- In addition to the various language-defined classes of types, types can
be grouped into derivation classes.
- A derived type is derived from its parent type directly; it is derived
indirectly from any type from which its parent type is derived. The
derivation class of types for a type T (also called the class rooted at T) is
the set consisting of T (the root type of the class) and all types derived
from T (directly or indirectly) plus any associated universal or class-wide
types (defined below).
- Every type is either a specific type, a class-wide type, or a universal
type. A specific type is one defined by a type_declaration, a formal_type_declaration, or a full type definition embedded in a declaration for an
object. Class-wide and universal types are implicitly defined, to act as
representatives for an entire class of types, as follows:
- Class-wide types
Class-wide types are defined for (and belong to) each derivation class rooted
at a tagged type (see 3.9). Given a subtype S of
a tagged type T, S'Class is the subtype_mark for a corresponding subtype
of the tagged class-wide type T'Class. Such types are called ``class-wide''
because when a formal parameter is defined to be of a class-wide type T'Class,
an actual parameter of any type in the derivation class rooted at T is acceptable
The set of values for a class-wide type T'Class is the discriminated union
of the set of values of each specific type in the derivation class rooted
at T (the tag acts as the implicit discriminant -- see
3.9). Class-wide types have no primitive subprograms of their own. However,
as explained in 3.9.2, operands of a class-wide
type T'Class can be used as part of a dispatching call on a primitive subprogram
of the type T. The only components (including discriminants) of T'Class
that are visible are those of T. If S is a first subtype, then S'Class is
a first subtype.
- Universal types
Universal types are defined for (and belong to) the integer, real, and fixed
point classes, and are referred to in this standard as respectively, universal_integer,
universal_real, and universal_fixed. These are analogous to class-wide types
for these language-defined numeric classes. As with class-wide types, if
a formal parameter is of a universal type, then an actual parameter of any
type in the corresponding class is acceptable. In addition, a value of a
universal type (including an integer or real numeric_literal) is ``universal''
in that it is acceptable where some particular type in the class is expected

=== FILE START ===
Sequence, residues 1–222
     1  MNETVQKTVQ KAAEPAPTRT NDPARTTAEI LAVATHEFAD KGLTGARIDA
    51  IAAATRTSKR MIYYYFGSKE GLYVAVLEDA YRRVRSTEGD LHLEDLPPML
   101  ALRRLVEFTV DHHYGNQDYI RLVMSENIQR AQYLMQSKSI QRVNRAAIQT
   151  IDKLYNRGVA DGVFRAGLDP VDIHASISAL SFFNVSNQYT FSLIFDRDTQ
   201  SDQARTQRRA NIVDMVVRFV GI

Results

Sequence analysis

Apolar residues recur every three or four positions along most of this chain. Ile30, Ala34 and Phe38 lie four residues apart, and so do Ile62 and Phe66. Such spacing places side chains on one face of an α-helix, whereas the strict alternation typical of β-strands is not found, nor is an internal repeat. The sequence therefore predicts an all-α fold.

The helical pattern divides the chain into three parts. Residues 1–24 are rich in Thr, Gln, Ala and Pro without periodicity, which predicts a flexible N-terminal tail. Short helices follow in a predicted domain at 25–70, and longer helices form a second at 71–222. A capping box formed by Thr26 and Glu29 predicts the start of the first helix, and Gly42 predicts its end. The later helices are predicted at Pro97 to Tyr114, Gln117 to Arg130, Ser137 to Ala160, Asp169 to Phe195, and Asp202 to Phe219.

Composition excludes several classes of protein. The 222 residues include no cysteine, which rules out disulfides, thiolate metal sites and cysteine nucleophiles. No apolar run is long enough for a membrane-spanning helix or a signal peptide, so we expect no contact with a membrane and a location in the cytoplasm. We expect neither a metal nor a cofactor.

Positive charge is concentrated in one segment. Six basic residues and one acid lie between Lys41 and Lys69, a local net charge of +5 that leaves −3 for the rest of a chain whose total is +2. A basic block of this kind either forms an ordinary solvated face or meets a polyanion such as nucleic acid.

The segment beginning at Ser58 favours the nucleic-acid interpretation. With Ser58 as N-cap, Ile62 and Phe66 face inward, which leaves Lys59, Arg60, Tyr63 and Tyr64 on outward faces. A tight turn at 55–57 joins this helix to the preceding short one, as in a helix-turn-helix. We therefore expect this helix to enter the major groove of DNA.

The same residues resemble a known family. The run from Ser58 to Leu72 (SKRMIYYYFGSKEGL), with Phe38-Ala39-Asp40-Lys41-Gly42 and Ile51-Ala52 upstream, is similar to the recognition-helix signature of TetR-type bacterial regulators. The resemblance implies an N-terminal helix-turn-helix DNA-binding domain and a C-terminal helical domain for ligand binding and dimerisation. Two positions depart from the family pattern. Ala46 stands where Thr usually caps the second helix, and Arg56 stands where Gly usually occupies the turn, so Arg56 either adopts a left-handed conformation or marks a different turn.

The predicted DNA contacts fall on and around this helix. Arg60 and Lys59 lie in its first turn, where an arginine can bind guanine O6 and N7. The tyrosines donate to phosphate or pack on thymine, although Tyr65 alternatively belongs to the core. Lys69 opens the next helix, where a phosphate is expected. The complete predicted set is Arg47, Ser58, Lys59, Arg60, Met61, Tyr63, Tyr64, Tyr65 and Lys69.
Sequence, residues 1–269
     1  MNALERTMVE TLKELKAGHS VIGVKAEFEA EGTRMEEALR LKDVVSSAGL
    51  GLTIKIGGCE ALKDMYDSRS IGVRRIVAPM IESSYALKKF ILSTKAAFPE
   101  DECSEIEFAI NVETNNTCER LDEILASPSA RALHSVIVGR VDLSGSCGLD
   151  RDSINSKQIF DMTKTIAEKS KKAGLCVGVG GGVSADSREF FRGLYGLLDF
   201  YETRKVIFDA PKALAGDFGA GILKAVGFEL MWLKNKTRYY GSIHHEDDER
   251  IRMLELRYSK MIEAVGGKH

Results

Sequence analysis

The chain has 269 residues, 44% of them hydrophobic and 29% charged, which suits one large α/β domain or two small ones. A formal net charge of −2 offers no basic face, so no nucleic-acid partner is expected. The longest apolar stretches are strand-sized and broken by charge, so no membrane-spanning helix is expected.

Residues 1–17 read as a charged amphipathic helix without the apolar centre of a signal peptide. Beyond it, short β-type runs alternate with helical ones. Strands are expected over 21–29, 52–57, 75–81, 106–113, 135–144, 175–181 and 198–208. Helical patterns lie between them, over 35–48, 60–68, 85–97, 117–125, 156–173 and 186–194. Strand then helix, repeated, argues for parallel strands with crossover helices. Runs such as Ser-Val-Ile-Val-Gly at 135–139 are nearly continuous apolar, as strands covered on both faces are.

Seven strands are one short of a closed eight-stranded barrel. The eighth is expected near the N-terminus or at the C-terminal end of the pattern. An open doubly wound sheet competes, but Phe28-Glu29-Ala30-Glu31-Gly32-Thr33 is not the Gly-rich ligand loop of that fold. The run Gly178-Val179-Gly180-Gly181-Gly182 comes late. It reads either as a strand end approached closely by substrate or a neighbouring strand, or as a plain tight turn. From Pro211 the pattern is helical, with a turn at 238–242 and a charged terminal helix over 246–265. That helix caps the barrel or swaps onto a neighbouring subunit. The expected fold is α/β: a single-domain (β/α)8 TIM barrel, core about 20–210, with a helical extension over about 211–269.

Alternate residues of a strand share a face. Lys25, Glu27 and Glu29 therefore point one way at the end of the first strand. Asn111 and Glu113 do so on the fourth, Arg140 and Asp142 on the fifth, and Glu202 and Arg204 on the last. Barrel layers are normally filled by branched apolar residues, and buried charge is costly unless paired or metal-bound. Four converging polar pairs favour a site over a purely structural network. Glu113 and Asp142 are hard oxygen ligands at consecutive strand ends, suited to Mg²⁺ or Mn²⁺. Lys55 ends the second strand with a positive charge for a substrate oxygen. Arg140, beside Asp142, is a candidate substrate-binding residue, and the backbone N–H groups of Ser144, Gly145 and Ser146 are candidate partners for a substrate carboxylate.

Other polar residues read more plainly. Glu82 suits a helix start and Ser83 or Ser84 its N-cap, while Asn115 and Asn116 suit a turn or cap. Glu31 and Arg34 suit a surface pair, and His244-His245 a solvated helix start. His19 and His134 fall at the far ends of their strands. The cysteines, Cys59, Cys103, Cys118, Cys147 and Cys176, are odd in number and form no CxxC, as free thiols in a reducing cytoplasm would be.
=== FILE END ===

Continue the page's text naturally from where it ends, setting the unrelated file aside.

The set of values of a universal type is the
undiscriminated union of the set of values possible for any
definable type in the associated class. Like class-wide
types, universal types have no primitive subprograms of their
own. However, their ``universality'' allows them to be used
as operands with the primitive subprograms of any type in the
- The integer and real numeric classes each have a specific root type in
addition to their universal type, named respectively root_integer and root_real.
- A class-wide or universal type is said to cover all of the types in its
class. A specific type covers only itself.
- A specific type T2 is defined to be a descendant of a type T1 if T2 is
the same as T1, or if T2 is derived (directly or indirectly) from T1. A
class-wide type T2'Class is defined to be a descendant of type T1 if T2 is a
descendant of T1. Similarly, the universal types are defined to be
descendants of the root types of their classes. If a type T2 is a descendant
of a type T1, then T1 is called an ancestor of T2. The ultimate ancestor of
a type is the ancestor of the type that is not a descendant of any other
- An inherited component (including an inherited discriminant) of a
derived type is inherited from a given ancestor of the type if the
corresponding component was inherited by each derived type in the chain of
derivations going back to the given ancestor.
(18) Because operands of a universal type are acceptable to the predefined
operators of any type in their class, ambiguity can result. For universal_integer
and universal_real, this potential ambiguity is resolved by giving a preference
(see 8.6) to the predefined operators of the corresponding
root types (root_integer and root_real, respectively). Hence, in an apparently
ambiguous expression like
1 + 4 < 7
where each of the literals is of type universal_integer, the
predefined operators of root_integer will be preferred over those of
other specific integer types, thereby resolving the ambiguity.
-- Email comments, additions, corrections, gripes, kudos, etc. to:
Magnus Kempe -- Magnus.Kempe@di.epfl.ch
Page last generated: 95-03-12